Asian urbanisation: opportunities for masterbatches

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As Asia advances towards urbanisation, a modern phenomenon that means increased migration, consumerism and industrialisation will boost demand for materialenhancing compounds such as masterbatches and additives. Meanwhile, there is growing interest in graphene-based masterbatches

Urbanisation in Asia is no more a legend, but real as the statistics for urban households escalates. It translates to a growing number of housing and infrastructure being built; more cars to plying the roads, and megacities emerging with increased population as urbanisation goes full scale in the region.

An estimated 44 million people are being added to Asia’s urban population every year; and by 2025, the majority of Asia’s population will be urban, according to an Asian Development Bank (ADB) report on Asian prospects to 2050. It is expected that by 2050, the number of urban dwellers will double from the current 1.6 billion to approximately 3.2 billion.

Singapore-headquartered DBS Bank also released a report early this year on Asian spending and it suggested that living standards are levelling up. What this means is that consumers are also becoming more educated and sophisticated in their demands and product choices.

Evidently, sectors that will derive the greater benefits from urbanisation include automotive, packaging, consumer goods, and construction, to name few.

Research firm Global Industry Analyst (GIA) finds that end-use markets served by the above sectors are driving demand for plastics. An essential component now to plastics, masterbatches are becoming a widely used colourant method to enhance properties fit for an urbanised consumer base. Thus, the global market for masterbatches is projected to reach US$10.5 billion by 2018, said GIA.

GIA, in its report, also points to packaging as the largest end-use market for masterbatches. It finds that more consumer product manufacturers are seeking packaging materials that facilitate low cost production, and ensure effective storage and transportation.These requirements provide the edge to advanced masterbatches that offer both functional performance and aesthetic appeal.

New York-based Persistence Research says that Asia Pacific was the largest market for masterbatches in 2013, as demand in plastics from the construction and automotive industries surged.

Infniti Research’s latest report cites that masterbatches allow moulders to improve the appearance and performance of the raw polymer or resin in a cost-effective manner during manufacture of plastics. Demand for pigment additives, it says, is projected in the report to grow to a CAGR of 5.3% through to 2018.

New choices, innovations

As new plastic materials are being developed and enhanced, masterbatch makers innovate to gain a competitive edge in the market. Several of these innovations include anti-shrinkage and anti-fogging additives for packaging; flame-retardants for PP pipes and PC sheets; anti-microbial and odour managing additives as well as for for biopolymer and biodegradable resins, says GIA.

Several producers have come up with new innovations. Switzerland-based Granula has identified the challenge of adding colour to a polymer being processed. Choosing which masterbatch and how much to use to yield the desired effect is a serious consideration for converters, it says.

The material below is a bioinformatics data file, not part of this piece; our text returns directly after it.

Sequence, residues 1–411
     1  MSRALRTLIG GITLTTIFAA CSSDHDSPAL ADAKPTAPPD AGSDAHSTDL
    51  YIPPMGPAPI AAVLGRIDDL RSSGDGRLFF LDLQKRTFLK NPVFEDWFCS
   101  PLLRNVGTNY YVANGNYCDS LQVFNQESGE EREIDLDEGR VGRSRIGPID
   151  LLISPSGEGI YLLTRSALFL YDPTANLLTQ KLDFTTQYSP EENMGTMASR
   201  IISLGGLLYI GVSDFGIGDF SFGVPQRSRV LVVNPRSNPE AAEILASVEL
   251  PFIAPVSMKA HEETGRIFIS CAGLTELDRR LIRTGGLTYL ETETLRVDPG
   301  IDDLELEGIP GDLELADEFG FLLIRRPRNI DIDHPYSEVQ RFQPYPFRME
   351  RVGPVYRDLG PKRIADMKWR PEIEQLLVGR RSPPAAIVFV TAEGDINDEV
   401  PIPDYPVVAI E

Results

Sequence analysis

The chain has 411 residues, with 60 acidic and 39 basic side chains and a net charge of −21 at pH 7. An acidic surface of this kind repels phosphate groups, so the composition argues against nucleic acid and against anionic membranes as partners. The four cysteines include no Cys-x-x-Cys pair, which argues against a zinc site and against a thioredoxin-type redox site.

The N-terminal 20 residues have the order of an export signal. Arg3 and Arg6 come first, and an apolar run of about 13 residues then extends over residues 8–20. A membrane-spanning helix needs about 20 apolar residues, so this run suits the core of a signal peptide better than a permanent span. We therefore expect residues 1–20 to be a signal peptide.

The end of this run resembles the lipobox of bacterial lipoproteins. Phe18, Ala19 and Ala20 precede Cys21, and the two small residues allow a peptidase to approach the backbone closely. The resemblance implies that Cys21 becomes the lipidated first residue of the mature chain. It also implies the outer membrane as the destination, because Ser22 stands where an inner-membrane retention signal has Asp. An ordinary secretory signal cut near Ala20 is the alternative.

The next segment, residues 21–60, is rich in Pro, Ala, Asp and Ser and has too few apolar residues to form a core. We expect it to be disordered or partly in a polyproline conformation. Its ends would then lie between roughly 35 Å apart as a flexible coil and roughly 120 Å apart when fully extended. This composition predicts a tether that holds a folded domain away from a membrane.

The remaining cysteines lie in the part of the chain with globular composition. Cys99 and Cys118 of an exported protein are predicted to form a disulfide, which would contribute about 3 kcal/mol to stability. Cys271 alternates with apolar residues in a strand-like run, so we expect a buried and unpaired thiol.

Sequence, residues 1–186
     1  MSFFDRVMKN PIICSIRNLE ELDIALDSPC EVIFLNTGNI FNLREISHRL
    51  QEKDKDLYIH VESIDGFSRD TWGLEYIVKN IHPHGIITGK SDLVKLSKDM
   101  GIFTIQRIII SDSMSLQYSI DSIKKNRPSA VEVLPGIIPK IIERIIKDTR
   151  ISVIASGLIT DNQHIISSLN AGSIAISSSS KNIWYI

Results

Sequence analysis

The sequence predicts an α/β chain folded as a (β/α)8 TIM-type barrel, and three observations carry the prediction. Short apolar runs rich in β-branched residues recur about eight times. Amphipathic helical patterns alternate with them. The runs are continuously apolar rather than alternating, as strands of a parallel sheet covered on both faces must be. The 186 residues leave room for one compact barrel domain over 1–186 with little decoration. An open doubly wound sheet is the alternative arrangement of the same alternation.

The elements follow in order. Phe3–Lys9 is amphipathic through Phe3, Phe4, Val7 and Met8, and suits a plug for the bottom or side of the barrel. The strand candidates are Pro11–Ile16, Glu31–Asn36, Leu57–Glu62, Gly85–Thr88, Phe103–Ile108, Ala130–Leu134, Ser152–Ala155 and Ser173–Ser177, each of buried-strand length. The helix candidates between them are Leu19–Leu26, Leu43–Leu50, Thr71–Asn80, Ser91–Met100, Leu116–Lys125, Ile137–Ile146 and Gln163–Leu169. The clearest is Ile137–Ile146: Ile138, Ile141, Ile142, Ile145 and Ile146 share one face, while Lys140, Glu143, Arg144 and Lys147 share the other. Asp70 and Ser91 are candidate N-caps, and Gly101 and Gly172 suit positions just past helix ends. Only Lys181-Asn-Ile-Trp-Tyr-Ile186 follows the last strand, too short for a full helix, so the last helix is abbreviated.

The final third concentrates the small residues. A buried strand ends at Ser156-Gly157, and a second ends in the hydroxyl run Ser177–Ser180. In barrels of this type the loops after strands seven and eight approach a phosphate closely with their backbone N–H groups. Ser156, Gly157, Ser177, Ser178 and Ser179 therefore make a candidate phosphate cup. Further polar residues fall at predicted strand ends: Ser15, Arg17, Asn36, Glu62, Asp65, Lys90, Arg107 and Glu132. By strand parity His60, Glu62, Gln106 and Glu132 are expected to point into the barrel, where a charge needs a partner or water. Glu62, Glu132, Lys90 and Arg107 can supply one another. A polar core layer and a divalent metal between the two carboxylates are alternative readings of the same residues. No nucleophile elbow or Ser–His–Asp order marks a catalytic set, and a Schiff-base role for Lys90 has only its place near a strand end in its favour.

Thus, Granula, together with a team of mechanical engineering students from Germanybased Reutlingen University, developed a test specimen to help customers oversee their masterbatch decisions at an early stage, before the product goes into series production. According to Granula, the test specimen enables customers to analyse a number of important properties of coloured plastics and plastic part design requirements in advance. Based on this test specimen, various constructional and design aspects can be tested in order to determine whether a colour performance is delivered that is compliant with the specification of the relevant plastic part.

The new test specimens will be demonstrated on a Boy 25E injection-moulding machine at the upcoming Fakuma show to be held in Germany in October.

Elsewhere, Israel-headquartered Tosaf, a joint venture between Megides Holding and the Ravago Group, has launched a new cooling masterbatch for greenhouse film applications.


Films produced using IR8783PE block a significant amount of the near infrared radiation (NIR), which would heat up the greenhouse’s interior. Field trials in South Israel revealed a peak temperature 4-5°C lower when compared with conventional light-diffusing film, with no undesired temperature drop overnight.

The IR8783PE allows most of the photo-synthetically active radiation (PAR), needed for healthy plant growth, to pass through the films. The masterbatch is suitable for single, three, and five-layer films, with a recommended rate of addition of about 5% for a 200-micron film, Tosaf said.

Meanwhile, Netherlands-based Helian Polymers, a new player in masterbatch manufacturing (the company was launched in 2011) has teamed up with Eastman Chemical Company in producing a low-odour, styrene-free polymer for the 3D market. Helian’s collaboration with 3D printers and filaments provided the desired properties for the colorFabb XT-copolyester.


In Australia, another new player is University of Queensland (UQ) sponsored start-up company, Brisbanebased TenasiTech. It is developing patented, high functioning additives based on research by UQ.